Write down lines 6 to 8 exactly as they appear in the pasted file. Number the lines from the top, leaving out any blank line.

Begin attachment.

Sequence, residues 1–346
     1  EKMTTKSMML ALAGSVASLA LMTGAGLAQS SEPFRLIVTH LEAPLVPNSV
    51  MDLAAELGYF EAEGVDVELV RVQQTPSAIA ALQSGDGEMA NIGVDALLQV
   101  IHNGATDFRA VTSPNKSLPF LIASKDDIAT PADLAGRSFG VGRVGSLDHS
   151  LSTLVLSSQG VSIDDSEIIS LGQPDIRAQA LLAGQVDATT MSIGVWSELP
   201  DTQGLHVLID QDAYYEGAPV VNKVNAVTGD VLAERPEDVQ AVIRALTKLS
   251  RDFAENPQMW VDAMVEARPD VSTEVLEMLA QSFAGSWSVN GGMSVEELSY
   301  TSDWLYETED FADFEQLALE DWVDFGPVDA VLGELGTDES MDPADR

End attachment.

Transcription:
   201  DTQGLHVLID QDAYYEGAPV VNKVNAVTGD VLAERPEDVQ AVIRALTKLS
   251  RDFAENPQMW VDAMVEARPD VSTEVLEMLA QSFAGSWSVN GGMSVEELSY
   301  TSDWLYETED FADFEQLALE DWVDFGPVDA VLGELGTDES MDPADR